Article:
- March 16, 2019
- Posted by: Stephen Burt
- Category: Coaching
7. Feeling empathy while remaining curious about the singular experience of the client.
This is the paradox of shared humanity: I am just like you and I cannot be because we have lived different lives. So, as coaches, we must hold our empathy lightly. An integral part of the coaches’ wisdom is that they recognise and work with the universality and individuality of client experience. Coaches soon come to recognise repeating themes in the challenges and issues that senior clients bring. They will quickly form some hypotheses about how the client might meet those challenges, and their questions or observations will properly be informed by those hypotheses. At the same time, the coach recognises each client is a unique self and the particulars of the client’s experience need to be laid bare if the challenge is to be resolved in a sustainable way based on the client’s inner consent.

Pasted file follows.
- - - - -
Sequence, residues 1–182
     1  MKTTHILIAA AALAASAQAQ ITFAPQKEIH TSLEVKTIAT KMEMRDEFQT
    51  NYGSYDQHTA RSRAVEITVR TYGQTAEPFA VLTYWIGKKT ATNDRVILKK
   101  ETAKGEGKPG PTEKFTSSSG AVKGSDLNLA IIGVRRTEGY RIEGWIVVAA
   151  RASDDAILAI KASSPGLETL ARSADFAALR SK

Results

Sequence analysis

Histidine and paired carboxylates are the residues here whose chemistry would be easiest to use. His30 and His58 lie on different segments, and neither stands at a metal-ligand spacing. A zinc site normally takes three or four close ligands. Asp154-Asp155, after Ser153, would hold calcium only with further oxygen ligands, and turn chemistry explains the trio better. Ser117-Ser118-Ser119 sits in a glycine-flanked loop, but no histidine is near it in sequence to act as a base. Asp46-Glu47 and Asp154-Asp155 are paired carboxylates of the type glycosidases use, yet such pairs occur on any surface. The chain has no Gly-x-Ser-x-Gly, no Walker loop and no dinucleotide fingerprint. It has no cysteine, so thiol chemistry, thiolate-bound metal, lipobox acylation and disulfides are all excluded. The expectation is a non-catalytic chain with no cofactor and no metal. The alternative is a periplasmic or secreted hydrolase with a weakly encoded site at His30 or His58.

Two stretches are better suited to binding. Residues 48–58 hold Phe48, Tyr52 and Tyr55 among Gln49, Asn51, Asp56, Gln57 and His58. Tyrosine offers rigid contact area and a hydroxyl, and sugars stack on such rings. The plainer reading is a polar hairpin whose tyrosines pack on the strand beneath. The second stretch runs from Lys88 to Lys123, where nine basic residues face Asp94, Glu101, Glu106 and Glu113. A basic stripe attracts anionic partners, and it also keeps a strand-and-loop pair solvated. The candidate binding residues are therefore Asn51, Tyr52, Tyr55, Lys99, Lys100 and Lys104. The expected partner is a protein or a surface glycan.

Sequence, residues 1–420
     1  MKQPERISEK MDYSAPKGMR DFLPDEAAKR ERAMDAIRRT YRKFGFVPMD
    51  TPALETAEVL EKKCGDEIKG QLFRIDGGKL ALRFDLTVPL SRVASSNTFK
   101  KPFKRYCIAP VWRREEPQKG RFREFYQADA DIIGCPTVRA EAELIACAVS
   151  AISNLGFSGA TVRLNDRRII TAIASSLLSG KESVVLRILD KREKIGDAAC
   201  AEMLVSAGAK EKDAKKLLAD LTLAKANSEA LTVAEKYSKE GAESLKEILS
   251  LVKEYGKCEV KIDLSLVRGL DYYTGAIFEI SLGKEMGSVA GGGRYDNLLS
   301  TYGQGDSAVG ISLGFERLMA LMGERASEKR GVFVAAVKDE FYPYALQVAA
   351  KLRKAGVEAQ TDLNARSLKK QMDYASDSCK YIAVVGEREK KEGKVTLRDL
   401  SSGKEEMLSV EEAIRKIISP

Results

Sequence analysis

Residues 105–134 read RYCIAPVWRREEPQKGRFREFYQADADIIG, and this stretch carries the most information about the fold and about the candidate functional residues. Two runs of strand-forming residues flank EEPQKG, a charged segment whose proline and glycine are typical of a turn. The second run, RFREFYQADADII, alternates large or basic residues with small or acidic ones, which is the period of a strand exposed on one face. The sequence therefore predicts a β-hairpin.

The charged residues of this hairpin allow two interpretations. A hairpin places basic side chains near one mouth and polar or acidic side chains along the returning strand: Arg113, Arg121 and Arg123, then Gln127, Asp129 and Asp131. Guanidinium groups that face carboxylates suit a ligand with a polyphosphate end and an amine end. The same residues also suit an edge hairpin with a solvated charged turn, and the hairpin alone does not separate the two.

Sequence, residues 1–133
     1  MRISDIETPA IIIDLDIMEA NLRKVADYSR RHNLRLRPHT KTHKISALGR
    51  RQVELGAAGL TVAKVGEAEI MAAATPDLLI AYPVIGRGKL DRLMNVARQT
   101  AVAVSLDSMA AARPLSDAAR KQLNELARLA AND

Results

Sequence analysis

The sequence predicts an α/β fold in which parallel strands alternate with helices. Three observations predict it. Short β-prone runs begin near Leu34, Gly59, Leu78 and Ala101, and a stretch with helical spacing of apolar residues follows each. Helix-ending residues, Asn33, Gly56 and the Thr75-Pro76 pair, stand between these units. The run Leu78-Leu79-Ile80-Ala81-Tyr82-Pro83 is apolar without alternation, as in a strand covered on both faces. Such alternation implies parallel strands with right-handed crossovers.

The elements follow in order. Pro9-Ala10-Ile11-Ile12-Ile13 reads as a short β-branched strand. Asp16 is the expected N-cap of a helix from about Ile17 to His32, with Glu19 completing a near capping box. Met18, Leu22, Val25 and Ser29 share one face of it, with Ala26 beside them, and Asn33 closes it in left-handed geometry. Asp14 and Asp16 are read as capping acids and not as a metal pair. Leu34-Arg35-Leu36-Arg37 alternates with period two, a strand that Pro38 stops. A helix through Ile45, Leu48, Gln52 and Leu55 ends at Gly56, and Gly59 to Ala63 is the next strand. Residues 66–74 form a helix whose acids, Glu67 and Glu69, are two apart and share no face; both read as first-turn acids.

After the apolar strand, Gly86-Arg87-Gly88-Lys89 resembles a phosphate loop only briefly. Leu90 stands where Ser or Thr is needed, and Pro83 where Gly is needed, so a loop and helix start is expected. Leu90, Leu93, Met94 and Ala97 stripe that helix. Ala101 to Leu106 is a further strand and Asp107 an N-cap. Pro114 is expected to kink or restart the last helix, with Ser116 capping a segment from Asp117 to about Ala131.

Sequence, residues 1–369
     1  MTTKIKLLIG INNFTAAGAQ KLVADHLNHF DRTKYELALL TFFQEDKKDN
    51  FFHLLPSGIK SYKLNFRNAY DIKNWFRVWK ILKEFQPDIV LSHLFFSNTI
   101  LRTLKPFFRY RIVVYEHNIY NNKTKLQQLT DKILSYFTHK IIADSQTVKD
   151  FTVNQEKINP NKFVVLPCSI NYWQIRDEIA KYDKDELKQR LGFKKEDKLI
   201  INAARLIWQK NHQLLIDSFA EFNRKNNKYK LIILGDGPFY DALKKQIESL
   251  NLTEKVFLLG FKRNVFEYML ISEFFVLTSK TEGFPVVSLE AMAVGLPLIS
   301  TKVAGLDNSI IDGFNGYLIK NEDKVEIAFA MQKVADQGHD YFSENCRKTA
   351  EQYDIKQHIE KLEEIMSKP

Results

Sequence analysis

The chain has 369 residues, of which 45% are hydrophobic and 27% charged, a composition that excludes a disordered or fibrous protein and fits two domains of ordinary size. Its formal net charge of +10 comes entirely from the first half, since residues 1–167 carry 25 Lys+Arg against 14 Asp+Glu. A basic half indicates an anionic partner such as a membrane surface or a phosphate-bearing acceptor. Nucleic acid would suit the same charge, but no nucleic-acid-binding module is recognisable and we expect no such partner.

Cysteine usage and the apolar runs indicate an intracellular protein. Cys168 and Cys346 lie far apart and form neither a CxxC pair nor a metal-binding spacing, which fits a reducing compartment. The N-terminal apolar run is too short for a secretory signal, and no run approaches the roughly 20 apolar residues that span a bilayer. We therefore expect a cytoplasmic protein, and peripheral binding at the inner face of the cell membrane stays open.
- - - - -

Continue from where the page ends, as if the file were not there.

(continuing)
If the challenges faced by leaders are universal, then the coach will develop models of leadership, of the self, of organisations and of how they coincide in individual behaviour. Given the nature of so many leadership challenges, they will probably also have models of individual and organisational change. If the coach is to work with these while embodying the ‘non-authority’ and mind-set described above, then those models need to be conscious, clear and robust but not constrain the coach or lead them to direct the client. So these too need to be held lightly: to be used or explicitly offered by the expert and treated with freshness and curiosity by the beginner.
The ‘holding lightly’ that is emerging as a theme here shows up in the elegance, balance and responsiveness of the good coach. Like all experts, their knowledge and skill is tacit, internalised and embodied.
 This is a key finding of research into skill acquisition. For further explanation, see ‘The Mystery of Coaching Mastery’, which draws on the work of Dreyfus and Dreyfus and of Michael Eraut